First, I should say that Ko Un is a deserving candidate and would have been a deserving winner for the Nobel Prize in Literature in 2014, even though his odds did decline from as high a 6/1 last year to 33/1 this year according to Ladbrokes betting site. Ko has built a massive ouevre on simple poetry that expresses the recent history of Korea in the most simple, but zen-literary fashion imaginable. Alas, this year the award went to Patrick Modiano (not alas to Mr. Modiano, whose accomplishments are manifest), who no doubt deserved it.
Ko has a chance to win both because of his excellent work and because he fits the profile of a Nobel Literature winner. Statistics indicate being old, prolific, male, and a a political rebel are all good things, and Ko is those in spades. He is also, by all accounts, a fun guy and awesome reciter of his own work. In addition, Korea has not really won a major prize since Kyoung-Sook Shin became the first winner of the Man Asia Literary Prize becoming, at once, the first Korean and first woman to win that prize. So, one feels an award might be due.
And yet —-
While I rooted for Ko as a strong representative of Korean literature, I also feared his victory in some ways. Anyone who has visited Korea knows of the ‘palli-palli’ culture in which speed and immediate effect are prized over ongoing work and the results of that work.
One could never accuse Ko of such a tendency, in fact Ko works in another way entirely In artistic terms I almost think of him as a return to an older kind of poetry – a more simple and direct form of writing. When one thinks of the Koryo Kasa or the Sijo you think of a simple topic simply, although sometimes unexpectedly, addressed. Korean modern poetry, in many ways, has become very wordy and confused. Ko Un does not fall prey to that. This tendency also helps him in translation, as readers do not have to struggle through difficult language, avant-garde techniques, or have specific knowledge as to historical or political events to which he is referring. As to a reflection of the society he lives in? He is a mirror of that society, and a mirror of that society across time. Maninbo will always be his great proof of that – he attempts the nearly impossible; to entirely reflect society as he knows it. Ko is a working man’s poet, and will always be
But if Ko had won, I fear that Korea might have reacted in a ‘pallli-palli’ fashion, declaring that Korean literature had won the “gold” and that therefore the mission was accomplished; Close LTI Korea despite its amazing achievements over the last few years, stop funding translation in general, and move on to the next international ‘competition.’ And yet literature is NOT like that. Literature needs to be supported across time. If Hallyu is a wave, then literature is the much more important absorption (for which I do not know the Korean word). Waves of silly songs, trendy dramas, and (surprisingly) good movies crash across western culture, and then recede, to be forgotten the next year.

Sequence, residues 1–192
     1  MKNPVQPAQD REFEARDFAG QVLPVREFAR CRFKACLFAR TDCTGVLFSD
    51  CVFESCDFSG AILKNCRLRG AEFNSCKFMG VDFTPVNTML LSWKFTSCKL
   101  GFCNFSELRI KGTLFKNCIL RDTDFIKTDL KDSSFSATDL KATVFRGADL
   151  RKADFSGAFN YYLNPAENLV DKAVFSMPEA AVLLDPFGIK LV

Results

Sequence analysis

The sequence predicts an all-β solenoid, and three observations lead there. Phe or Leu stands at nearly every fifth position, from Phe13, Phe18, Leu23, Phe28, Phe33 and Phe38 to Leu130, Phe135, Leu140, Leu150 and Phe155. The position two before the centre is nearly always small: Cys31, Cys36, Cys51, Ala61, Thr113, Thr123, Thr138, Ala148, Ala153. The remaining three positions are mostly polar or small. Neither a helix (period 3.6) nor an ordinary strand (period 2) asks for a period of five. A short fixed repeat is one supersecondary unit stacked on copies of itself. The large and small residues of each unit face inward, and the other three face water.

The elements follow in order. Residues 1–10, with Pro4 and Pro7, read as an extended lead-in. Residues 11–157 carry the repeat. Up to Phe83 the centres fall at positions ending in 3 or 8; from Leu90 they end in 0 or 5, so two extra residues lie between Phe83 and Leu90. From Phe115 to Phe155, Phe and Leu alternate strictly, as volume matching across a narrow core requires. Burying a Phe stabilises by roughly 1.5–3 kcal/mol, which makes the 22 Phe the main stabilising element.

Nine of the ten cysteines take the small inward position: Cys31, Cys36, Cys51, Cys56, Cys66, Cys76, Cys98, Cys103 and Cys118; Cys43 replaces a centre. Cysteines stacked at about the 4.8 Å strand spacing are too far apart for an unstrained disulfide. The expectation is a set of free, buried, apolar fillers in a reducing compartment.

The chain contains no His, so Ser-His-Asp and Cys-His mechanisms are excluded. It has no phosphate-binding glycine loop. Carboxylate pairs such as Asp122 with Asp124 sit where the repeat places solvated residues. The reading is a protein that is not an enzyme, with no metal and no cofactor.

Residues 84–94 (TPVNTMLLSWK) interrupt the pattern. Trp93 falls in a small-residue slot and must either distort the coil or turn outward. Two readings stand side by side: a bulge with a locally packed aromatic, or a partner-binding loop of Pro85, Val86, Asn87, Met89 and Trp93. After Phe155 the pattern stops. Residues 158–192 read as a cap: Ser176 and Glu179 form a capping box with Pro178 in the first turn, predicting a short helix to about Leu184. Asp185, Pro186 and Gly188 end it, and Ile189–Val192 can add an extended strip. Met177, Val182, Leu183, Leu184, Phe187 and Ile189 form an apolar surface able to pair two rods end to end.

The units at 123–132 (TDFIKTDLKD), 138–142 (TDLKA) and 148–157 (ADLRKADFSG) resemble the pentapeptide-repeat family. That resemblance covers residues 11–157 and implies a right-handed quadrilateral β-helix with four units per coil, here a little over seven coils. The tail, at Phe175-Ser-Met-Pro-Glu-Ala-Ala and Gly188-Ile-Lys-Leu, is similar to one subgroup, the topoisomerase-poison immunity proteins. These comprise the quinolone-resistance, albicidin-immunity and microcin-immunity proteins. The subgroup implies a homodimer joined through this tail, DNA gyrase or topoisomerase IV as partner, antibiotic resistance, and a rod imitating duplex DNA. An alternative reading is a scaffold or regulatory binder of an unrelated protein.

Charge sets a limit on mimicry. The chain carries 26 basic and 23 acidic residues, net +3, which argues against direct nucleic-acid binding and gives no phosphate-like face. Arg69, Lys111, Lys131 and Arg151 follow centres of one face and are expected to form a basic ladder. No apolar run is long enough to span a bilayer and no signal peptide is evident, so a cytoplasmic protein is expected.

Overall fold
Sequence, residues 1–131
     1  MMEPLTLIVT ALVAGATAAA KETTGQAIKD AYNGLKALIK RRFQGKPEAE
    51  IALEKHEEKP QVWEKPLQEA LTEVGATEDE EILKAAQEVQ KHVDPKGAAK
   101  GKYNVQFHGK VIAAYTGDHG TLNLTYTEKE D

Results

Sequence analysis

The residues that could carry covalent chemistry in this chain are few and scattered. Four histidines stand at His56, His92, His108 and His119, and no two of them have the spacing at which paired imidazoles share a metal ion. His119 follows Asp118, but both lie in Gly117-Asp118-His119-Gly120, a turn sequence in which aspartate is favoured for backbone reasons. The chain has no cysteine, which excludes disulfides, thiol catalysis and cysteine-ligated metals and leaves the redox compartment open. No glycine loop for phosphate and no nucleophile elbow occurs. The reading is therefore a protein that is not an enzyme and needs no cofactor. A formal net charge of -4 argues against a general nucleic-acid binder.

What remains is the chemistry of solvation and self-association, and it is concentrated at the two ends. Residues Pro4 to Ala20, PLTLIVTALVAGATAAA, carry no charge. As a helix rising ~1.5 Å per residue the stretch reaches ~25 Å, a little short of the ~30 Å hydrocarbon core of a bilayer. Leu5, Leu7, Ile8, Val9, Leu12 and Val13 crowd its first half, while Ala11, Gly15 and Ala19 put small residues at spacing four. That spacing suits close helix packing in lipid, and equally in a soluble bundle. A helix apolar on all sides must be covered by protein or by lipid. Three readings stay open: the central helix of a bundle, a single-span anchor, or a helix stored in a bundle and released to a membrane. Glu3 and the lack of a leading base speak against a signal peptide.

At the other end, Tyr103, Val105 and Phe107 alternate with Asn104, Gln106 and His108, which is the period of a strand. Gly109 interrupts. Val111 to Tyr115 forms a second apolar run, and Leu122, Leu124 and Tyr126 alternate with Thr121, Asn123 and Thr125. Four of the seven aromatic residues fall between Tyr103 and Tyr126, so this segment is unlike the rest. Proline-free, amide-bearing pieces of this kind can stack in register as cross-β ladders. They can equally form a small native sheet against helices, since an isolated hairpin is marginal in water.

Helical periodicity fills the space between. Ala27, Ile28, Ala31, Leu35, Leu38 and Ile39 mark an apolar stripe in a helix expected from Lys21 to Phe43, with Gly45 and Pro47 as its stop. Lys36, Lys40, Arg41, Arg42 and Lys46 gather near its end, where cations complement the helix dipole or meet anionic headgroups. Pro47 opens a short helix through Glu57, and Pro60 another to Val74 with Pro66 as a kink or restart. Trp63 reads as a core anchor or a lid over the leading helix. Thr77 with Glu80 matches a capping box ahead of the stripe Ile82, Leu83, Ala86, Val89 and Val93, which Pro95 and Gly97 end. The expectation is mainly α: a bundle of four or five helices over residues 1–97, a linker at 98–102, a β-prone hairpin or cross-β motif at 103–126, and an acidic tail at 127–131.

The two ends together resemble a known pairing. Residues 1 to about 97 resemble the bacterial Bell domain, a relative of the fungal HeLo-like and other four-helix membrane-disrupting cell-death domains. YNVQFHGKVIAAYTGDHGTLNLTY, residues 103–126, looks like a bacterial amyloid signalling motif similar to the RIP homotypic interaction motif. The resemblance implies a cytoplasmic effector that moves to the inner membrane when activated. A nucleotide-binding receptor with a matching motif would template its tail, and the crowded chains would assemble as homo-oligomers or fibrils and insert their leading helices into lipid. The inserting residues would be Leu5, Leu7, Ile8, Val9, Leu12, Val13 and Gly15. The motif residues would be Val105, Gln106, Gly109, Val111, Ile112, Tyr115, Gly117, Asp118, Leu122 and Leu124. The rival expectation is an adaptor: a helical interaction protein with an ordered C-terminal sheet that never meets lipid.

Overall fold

Literature, unlike the other aspects of Hallyu lives on in bookstores, libraries, and schools, influencing generation after generation. Long after PSY is forgotten, Yi Munyol will be remembered. If Tolstoy’s War and Peace had been a popular roundelay of the time, none of us would know it today. But the book? It lives on forever and continues to affect culture in multiple languages.
That Ko did not win the award puts him on an awesome list. What do James Joyce, Vladimir Nabokov, Anton Chekhov, Marcel Proust, Henrik Ibsen, Mark Twain,Leo Tolstoy and Internet scribe Dan Disney all have in common?
No Nobel Prize.
So, congratulations to the ‘loser’ Ko Un, and let us hope that he, and all the other writers in Korea, continue to write for the reasons that they write, to express themselves and Korean culture. At the same time let us hope they do NOT write to win awards.
There will be, I hope, another year for Ko Un, Hwang Sok-Yong, Yi Munyol, or eventually even Kyoung-Sook Shin or Kim Young-ha (perhaps the young but powerfully talented Park Min-gyu). But for the moment, let Korean authors take this “loss” as a victory; a call to continue writing until their weight, literary nature, universal themes and sheer writing skills have created a (translated) national oeuvre that is so undeniable that it must eventually win a Nobel Prize for Literature.
That day will come, and Ko Un’s “loss” will then be seen as a victory.
Gentlepeople of Korean authordome, start your word-processors (or pens, for you older folks)!